With that said, comics are beginning to gain an air of respectability these days. It began in the 80’s with the first “mature” themed comics from Independent publishers. Not mature in the dirty sense but in the sense where adult topics, dialogue and stories became the norm. The mature themed comics brought a whole new audience back to comics or into comics for the first time and the mainstream publishers pounced on it and capitalized upon it further in the 90’s.
Mass media soon got the hint and movies made from comic books followed in droves. The final cement of comic books mainstream status seemed to have arisen with a generation raised on video games with similar themes and imagery. Shazam suddenly comics weren’t just for kids anymore. The Japanese have known this for years, that and how cool ninjas and Sumo wrestlers are. Various stars like Nicholas Cage and Ben Affleck go for street cred by admitting that they collect comic books and Hollywood now buys up all of the tickets to the San Diego Comic Con (leaving the actual readers out in the cold I might note).
So why, if comics books are so mainstream, is it still a big no, no for adult men to lay about and read books with pictures in them? Many comics these days are more complex or sophisticated than a Dan Brown or John Grisham paint by the numbers novel and people have no issue with passing off these off as serious literature. On this same note, one of my favorite tiles, The Walking Dead, will soon be a weekly series on AMC side by side with Madmen but, God forbid, I get caught reading the series in public while sipping my skinny latte at Starbucks.
In the past, I’ve pleaded with my local comic book shops to create a little reading lounge and maybe sell us some coffee. A space where collectors and readers can get together, spontaneous purchases can occur and conversations can happen. What’s to lose, a little sense of community and increased revenue? Some shops have actually gotten the hint with gaming, allowing players to hold regular sessions in dedicated gaming space. But, with that said, gaming by nature is a group activity, they don’t necessarily need a sanctuary and who’s going to mess with a bunch of hairy dudes screaming about the range of a World War II cannon or the armor class of a hill giant?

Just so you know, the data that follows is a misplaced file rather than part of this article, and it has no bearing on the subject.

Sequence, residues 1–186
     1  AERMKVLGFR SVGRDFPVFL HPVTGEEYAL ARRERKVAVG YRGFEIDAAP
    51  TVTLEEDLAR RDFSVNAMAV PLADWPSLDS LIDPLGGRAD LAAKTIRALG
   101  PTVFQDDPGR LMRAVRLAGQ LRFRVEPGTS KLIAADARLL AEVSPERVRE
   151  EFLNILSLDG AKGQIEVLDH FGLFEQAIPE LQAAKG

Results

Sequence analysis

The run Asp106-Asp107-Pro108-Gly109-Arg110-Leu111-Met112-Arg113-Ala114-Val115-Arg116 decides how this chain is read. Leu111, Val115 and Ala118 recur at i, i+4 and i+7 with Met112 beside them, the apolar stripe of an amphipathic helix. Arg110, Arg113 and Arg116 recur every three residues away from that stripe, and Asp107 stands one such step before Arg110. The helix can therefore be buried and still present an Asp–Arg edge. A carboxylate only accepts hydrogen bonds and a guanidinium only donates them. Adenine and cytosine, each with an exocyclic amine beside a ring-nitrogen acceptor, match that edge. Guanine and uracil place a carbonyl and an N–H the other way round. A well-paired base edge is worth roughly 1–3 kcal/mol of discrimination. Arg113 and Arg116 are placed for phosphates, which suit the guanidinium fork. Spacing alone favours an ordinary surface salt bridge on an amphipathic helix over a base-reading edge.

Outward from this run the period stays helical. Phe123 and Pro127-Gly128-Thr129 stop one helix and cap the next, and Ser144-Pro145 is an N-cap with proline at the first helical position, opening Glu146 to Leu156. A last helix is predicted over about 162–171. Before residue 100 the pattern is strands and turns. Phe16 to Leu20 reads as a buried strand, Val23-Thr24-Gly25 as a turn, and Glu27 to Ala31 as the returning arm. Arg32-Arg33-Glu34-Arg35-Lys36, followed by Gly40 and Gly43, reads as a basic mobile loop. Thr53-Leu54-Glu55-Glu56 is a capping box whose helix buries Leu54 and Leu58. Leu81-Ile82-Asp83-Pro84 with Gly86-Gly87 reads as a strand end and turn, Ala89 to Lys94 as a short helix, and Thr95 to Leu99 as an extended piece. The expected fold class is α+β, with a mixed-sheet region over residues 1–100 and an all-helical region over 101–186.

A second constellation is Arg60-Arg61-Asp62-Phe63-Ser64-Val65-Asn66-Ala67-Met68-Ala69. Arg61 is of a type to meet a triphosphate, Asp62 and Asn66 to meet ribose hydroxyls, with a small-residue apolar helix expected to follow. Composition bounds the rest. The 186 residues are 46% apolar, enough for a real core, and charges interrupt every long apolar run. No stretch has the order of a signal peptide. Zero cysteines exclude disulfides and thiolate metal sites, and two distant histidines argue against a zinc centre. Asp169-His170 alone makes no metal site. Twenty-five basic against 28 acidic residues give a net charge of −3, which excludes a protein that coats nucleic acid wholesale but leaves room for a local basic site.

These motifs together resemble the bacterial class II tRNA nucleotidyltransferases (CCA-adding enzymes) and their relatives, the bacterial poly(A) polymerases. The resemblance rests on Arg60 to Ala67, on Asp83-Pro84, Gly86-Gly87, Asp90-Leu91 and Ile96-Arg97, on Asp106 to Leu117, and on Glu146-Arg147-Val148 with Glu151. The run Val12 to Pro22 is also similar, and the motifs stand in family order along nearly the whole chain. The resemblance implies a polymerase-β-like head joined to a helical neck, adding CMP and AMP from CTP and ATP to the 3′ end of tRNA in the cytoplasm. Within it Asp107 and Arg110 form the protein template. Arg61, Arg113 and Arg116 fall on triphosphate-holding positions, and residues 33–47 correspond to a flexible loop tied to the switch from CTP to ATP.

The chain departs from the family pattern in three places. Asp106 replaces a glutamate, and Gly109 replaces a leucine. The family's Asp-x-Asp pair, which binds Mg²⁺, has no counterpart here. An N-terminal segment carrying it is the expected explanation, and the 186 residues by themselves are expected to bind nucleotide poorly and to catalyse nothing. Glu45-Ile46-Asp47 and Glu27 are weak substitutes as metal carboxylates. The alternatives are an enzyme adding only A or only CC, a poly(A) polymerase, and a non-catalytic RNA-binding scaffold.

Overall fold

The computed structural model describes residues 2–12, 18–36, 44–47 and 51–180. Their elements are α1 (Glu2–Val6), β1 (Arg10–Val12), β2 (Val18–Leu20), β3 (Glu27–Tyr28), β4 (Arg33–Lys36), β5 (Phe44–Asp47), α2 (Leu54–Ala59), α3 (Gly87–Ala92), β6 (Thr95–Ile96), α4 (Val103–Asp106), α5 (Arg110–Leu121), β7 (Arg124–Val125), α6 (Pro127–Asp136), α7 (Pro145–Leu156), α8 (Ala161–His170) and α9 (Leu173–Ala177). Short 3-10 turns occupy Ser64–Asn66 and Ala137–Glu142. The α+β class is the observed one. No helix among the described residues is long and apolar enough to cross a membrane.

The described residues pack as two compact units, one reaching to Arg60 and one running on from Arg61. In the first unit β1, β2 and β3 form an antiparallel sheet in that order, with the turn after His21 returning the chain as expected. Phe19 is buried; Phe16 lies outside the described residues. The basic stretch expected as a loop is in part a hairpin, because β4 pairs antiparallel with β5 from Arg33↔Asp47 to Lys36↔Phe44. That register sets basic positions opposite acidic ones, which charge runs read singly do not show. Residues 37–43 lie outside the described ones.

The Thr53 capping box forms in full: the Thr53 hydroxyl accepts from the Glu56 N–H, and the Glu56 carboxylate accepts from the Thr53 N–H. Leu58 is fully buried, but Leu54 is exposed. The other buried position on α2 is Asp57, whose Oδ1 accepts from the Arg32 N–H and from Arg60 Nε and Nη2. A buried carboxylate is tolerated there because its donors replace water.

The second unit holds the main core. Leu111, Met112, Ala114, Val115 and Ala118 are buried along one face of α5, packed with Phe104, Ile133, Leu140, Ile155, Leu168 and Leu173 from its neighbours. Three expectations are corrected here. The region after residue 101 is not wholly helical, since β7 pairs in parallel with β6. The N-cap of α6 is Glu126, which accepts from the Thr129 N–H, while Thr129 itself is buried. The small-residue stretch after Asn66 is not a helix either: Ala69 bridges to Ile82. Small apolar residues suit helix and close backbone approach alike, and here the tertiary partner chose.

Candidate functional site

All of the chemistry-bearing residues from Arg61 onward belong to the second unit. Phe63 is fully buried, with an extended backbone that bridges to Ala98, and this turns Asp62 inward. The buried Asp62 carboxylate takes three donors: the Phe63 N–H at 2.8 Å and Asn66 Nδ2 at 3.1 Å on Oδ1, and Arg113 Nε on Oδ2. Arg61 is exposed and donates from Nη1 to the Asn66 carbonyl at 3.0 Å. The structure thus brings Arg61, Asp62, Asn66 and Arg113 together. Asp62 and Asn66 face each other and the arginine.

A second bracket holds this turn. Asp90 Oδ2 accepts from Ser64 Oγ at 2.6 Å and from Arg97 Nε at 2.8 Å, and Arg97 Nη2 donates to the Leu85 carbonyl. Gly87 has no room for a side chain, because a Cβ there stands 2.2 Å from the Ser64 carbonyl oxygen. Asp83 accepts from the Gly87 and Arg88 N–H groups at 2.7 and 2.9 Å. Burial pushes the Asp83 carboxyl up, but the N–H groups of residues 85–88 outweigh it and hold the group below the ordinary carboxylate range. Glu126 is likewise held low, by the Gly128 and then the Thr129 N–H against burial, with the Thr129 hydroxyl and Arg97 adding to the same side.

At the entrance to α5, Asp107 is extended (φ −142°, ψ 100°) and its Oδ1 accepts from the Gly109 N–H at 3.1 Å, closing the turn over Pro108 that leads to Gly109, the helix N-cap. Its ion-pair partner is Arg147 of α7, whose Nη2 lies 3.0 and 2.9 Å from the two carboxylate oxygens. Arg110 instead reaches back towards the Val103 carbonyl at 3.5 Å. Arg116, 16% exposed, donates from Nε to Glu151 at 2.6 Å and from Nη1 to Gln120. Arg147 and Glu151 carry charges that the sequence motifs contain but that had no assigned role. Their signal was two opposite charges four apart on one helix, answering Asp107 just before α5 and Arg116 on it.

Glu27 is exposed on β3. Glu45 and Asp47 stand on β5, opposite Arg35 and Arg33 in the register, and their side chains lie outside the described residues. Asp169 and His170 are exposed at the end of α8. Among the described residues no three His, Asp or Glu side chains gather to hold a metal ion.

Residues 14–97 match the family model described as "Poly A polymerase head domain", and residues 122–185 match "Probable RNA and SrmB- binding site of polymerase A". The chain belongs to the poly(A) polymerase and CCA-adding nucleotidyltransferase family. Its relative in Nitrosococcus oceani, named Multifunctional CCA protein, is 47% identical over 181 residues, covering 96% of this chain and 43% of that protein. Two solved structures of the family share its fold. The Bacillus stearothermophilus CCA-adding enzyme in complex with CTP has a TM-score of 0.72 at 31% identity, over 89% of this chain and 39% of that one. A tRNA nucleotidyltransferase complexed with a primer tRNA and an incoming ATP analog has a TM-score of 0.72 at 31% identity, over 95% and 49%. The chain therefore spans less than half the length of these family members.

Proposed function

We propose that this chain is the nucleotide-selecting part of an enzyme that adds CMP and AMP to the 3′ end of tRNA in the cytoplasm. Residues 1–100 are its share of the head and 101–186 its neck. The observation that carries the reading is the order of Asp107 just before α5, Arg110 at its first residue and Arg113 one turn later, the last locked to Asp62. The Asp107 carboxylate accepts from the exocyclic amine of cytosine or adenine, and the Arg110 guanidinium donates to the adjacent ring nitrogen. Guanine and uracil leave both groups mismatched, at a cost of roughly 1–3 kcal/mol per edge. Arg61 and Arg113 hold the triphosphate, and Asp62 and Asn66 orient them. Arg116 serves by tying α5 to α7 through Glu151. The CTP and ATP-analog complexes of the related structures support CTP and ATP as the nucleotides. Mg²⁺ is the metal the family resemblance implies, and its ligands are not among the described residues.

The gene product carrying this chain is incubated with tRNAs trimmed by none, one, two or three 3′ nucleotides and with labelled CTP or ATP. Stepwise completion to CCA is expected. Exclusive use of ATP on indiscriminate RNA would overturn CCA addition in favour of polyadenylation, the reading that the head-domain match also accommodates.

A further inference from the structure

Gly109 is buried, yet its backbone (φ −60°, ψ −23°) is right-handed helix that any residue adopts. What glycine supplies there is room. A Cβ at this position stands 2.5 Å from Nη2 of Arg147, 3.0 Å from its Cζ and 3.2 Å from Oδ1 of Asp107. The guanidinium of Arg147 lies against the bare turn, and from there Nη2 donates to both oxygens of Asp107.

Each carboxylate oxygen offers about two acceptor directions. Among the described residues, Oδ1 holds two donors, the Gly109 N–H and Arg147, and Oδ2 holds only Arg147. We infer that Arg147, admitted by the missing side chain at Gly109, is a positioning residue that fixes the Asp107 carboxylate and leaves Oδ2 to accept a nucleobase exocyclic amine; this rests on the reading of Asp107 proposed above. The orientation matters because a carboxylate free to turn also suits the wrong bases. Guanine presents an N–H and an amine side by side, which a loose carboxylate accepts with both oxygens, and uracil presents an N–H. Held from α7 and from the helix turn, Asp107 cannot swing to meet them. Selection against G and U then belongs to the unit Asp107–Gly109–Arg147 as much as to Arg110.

One comic book shop near the Comic Ninja’s home lair has gotten hip to the idea and opened up a large coffee/gaming/comic book shop. Frankly, if you are hanging out in there and not gaming or reading the latest issue of Green Lantern you are in the minority. It’s a little slice of heaven for the Comics Ninja.
While reading my monthly comics I usually position myself in close proximity to the D&D gamers for sheer entertainment purposes and of course they don’t disappoint. Just recently I finished an issue of Batman and turned off my Ipod just in time to hear a fifty year old man yell at another adult man, in public, out loud “You know you can’t get away with that! A member of the Knights of the Unicorn would never kill an innocent villager!”
In my attempt to stifle laughter I actually snorted out loud which, after a brief pause, drew matching laughs from the gamers themselves (accept for the guy pissed about the unchivalrous activity of the unicorn dudes). See, now that’s a little sense of community, acceptance, that’s what I’m talking about.
I think the increased mainstreaming of comic books, the little reading havens popping up here and there and my advanced ninja skills have given me the boost in confidence I need to make another attempt to attack my FRCBPD issues.
I think this weekend I will grab a couple of my favorite titles and read them out in public exhibiting the same heroics contained within the comics themselves. I of course will do this under cover of darkness, near deep foliage, in full ninja gear, but hey, it’s a start.
The Comics Ninja